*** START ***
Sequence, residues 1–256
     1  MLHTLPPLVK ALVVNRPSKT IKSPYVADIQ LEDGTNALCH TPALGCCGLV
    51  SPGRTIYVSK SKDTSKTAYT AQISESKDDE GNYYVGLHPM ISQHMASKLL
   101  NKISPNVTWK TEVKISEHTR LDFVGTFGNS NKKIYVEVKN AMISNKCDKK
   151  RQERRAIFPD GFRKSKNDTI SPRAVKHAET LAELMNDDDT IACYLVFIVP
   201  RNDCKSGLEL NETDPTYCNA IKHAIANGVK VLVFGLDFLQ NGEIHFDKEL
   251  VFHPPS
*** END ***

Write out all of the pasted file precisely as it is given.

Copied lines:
Sequence, residues 1–256
     1  MLHTLPPLVK ALVVNRPSKT IKSPYVADIQ LEDGTNALCH TPALGCCGLV
    51  SPGRTIYVSK SKDTSKTAYT AQISESKDDE GNYYVGLHPM ISQHMASKLL
   101  NKISPNVTWK TEVKISEHTR LDFVGTFGNS NKKIYVEVKN AMISNKCDKK
   151  RQERRAIFPD GFRKSKNDTI SPRAVKHAET LAELMNDDDT IACYLVFIVP
   201  RNDCKSGLEL NETDPTYCNA IKHAIANGVK VLVFGLDFLQ NGEIHFDKEL
   251  VFHPPS